Q&A: Nickey Kehoe

Q&A: Nickey Kehoe
(A verdant corner of a West Hollywood loft (above left) and designers Todd Nickey and Amy Kehoe. Photos courtesy of Nickey Kehoe and Giovanni Jance)
Names: Todd Nickey and Amy Kehoe
Occupations: Co-founders of residential and commercial design firm Nickey Kehoe; NK Collection, the duo's signature furniture line; and NK Shop, a cult decor boutique in West Hollywood
Reside in: Los Angeles
Best known for: Stylistic trademarks including "William Morris wallpaper, anything by Christian Austuguvielle, Mathieu Matégot light fixtures, and weathered wood pieces," in Kehoe's words, for a personal, thoughtfully curated aesthetic that's "certainly heavy on aspiration and an overall blend of feminine and modern."

1. Antique or modern?
Both. We really enjoy the combination of eras and periods living together. It helps a home feel collected and not appointed.

2. City or country?
Both ... why not? We find equally as much energy and inspiration from cities as we do from being quiet and still in nature.

3. Which colors do you use most?
Green and blue in a variety of hues, and gray is another favorite in all different finishes.

4. Favorite materials or textures?
AK: Brass, rush/wicker, and waxed finishes.
TN: Velvet, burlap, and corduroy.

5. What is your favorite interior design-related word?
Juxtaposition. At the risk of being overused, it still helps us define a point of view that reflects how we approach working with our clients.

Q&A: Nickey Kehoe
(The romantic sitting room in a Long Island residence (above left) and a detail shot in a Los Feliz dining room. Photos courtesy of Nickey Kehoe and Amy Neunsinger)
6. Does your current home look like the one you grew up in?
TN: Maybe it still reflects my bedroom as a teenager, but not the rest of the house I grew up in. What is reflected is an inherent casualness to how we live in our house now. Rooms are used, furniture is not precious—dogs are allowed everywhere—and nothing is over decorated.

7. Does a room need a view?
A room does not need a view in the traditional sense of looking beyond the structure—but I do think it needs a point of view, or a soul. Even one great piece of furniture could become the view of the room.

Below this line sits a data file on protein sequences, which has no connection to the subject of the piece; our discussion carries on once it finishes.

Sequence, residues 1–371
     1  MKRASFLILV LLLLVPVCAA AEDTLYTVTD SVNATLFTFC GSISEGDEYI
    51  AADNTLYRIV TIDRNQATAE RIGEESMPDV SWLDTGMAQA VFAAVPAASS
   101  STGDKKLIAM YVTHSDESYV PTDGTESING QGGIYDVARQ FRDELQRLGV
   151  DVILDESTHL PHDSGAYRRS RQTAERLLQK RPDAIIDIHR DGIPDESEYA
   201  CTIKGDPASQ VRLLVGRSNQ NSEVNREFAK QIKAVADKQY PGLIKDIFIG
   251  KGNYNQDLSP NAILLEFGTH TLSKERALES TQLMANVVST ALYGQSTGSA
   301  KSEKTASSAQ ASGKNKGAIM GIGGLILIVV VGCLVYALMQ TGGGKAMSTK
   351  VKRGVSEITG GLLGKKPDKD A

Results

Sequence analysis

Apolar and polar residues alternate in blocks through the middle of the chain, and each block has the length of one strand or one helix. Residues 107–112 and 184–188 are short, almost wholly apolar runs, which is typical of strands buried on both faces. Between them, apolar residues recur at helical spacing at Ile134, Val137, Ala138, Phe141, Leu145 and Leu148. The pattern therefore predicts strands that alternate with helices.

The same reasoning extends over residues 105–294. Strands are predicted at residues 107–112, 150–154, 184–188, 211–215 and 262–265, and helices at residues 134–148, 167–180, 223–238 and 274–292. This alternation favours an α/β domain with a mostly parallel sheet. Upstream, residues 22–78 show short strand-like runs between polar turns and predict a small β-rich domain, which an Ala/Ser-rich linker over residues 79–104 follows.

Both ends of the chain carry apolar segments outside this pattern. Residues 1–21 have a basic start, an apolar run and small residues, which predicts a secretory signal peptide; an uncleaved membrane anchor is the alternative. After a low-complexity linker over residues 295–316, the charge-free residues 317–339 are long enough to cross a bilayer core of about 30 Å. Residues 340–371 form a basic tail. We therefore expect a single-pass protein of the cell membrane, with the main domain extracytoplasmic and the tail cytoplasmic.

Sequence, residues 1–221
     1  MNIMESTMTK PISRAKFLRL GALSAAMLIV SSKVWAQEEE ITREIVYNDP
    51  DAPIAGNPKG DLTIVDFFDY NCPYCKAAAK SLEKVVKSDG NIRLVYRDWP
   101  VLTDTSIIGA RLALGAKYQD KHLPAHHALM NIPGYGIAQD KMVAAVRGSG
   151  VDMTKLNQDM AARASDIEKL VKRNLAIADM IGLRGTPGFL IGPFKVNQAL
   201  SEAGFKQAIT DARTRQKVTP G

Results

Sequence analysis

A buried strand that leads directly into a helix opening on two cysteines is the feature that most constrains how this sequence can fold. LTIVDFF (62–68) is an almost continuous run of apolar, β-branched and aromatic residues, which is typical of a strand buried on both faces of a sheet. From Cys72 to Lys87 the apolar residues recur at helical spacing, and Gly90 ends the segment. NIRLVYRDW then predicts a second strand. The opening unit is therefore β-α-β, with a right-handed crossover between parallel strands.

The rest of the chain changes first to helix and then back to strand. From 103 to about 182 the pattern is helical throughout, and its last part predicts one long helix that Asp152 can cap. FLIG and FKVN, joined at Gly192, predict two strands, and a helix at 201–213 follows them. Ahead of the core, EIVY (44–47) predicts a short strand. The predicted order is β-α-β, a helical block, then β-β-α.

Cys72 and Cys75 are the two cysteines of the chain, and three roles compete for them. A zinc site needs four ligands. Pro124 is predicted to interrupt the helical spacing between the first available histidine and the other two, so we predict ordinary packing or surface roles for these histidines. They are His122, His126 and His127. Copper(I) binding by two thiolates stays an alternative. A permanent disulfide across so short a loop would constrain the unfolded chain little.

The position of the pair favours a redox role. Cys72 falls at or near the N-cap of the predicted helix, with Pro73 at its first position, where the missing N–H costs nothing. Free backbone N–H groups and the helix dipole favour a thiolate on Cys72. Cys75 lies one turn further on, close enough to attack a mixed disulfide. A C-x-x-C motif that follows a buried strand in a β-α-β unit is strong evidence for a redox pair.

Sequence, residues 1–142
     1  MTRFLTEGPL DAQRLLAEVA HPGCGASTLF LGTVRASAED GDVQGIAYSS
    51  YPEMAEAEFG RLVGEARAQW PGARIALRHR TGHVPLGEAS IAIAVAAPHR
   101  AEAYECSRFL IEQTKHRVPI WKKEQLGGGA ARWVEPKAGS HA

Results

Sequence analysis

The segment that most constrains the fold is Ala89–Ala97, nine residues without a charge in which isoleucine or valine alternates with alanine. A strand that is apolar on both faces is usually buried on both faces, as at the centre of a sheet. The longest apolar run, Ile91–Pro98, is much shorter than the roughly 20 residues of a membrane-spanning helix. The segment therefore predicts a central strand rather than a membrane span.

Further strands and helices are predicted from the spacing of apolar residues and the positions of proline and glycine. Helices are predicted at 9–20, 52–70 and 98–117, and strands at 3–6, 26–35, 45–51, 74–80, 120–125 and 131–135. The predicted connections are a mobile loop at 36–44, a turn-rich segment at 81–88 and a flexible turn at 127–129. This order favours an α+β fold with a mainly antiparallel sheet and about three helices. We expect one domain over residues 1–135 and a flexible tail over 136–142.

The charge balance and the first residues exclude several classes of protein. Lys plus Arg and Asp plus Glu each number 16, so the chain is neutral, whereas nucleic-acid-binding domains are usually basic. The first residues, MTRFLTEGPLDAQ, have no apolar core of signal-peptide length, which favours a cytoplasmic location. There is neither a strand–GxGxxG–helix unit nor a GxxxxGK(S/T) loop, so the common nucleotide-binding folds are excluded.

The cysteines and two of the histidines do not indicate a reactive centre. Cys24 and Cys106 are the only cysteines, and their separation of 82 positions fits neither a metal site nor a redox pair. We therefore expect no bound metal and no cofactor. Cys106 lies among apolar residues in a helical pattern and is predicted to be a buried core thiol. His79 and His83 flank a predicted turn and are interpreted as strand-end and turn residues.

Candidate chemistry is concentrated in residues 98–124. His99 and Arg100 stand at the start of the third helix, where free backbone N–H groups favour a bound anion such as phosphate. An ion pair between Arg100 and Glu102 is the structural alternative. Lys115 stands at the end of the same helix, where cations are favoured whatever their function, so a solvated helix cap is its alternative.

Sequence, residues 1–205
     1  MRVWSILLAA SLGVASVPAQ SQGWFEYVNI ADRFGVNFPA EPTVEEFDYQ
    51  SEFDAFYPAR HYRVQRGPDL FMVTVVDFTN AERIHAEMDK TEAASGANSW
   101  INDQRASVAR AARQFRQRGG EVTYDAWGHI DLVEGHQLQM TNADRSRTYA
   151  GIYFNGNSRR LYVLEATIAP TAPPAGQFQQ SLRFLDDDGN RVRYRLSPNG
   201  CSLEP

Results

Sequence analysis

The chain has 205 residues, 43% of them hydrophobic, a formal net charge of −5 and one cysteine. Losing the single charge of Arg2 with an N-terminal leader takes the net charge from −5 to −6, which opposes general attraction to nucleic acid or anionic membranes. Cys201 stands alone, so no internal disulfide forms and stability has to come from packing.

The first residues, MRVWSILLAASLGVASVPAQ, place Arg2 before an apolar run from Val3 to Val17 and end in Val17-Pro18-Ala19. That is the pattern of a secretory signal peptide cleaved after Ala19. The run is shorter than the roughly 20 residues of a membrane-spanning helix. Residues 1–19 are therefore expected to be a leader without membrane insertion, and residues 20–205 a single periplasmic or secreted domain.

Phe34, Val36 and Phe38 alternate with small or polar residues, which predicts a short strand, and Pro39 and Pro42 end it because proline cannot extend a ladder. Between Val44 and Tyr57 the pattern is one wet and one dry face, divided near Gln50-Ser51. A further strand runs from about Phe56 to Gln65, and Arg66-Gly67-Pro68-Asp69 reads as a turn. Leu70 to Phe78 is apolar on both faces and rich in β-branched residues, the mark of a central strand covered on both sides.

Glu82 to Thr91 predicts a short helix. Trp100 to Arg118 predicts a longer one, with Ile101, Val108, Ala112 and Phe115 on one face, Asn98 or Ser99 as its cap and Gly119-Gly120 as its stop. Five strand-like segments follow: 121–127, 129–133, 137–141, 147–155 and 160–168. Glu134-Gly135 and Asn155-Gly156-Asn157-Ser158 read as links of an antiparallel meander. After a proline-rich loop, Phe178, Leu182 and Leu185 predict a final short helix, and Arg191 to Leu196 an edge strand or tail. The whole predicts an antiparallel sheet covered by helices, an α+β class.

8. Favorite designer or architect ?
TN: John Pawson. I love how simply and understatedly he designs and builds, and yet how much incredible detail and warmth he can conjure in an empty space.
AK: Gert Voorjans is a designer whose project images are ones I've been tearing out (and now pinning) for years, before I knew the man behind them. His sensibility is bold, if not wild. His work at the Dries Van Noten store in Paris is exceptional.

9. Which design blog, website, TV show, or magazine would you be lost without?
AK: World of Interiors—it’s just a treasure of visual inspiration.

10. What qualities do you most admire in a room?
TN: I respect a room that has depth and character but is inviting and comfortable to be in.

Q&A: Nickey Kehoe
(The NK Shop interior. Photo courtesy of Nickey Kehoe)
11. What is a forbidden word in your house?
TN: Neat.
AK: Yummy, when not referring to food or babies.

12. Design rule you love to break?
TN: God, I love to paint floors—I know it's not forbidden or a rule to not do it. But I can be pretty irreverent about it.

13. What is your favorite room in the house?
TN: The kitchen. I love cooking and all that comes along with it: plates, cookware, utensils, and ingredients!

14. What do you wish you could do without?
TN: I don't really think there is much I have that feels excessive. I have too many clothes, but I do tend to recirculate on a regular basis. 
AK: Driving.

15. How does West Coast design differ from East Coast design? Does it?
TN: I really like the casualness and larger scale of LA. But I also get into the tradition and history of the East Coast.
AK: On the heels of a trip to Charleston, we were both reminded of and so inspired by the truly eclectic traditional style of the South—you don't see as much of that on the West Coast.

Q&A: Nickey Kehoe
(An architectural tri-armed light fixture pulls focus in a Hancock Park living room. Photo by Sam Frost) 
16. What is your favorite thing about the West Coast—design-related or otherwise?
AK: The endless access to the outdoors; that a door or window can be left open most of the year is something to love.

17. If you could live in one historical figure’s house, whose would it be?
TN: Monticello. I think Thomas Jefferson was a genius and I love how his passions and intellect led the way he lived in his home.
AK: I have two historical fantasies—both involve plantations either in the South or the sisal plantations/haciendas of the Yucatan. Of course, [in my head] I've conveniently eliminated the humidity factor.

18. On what movie set would you like to live?
AK: It's a somewhat disturbing movie, called Adore, but what got me through it was the utterly beautiful scenery of the Australian coastline.

19. To which city or country would you move for the design?
TN: Japan. I love the inherent combination of beauty, simplicity, and function found in Japanese design.
AK: Morocco, for the bright colors and handmade quality of the craft and furniture.
I am Editor-at-Large at Lonny.
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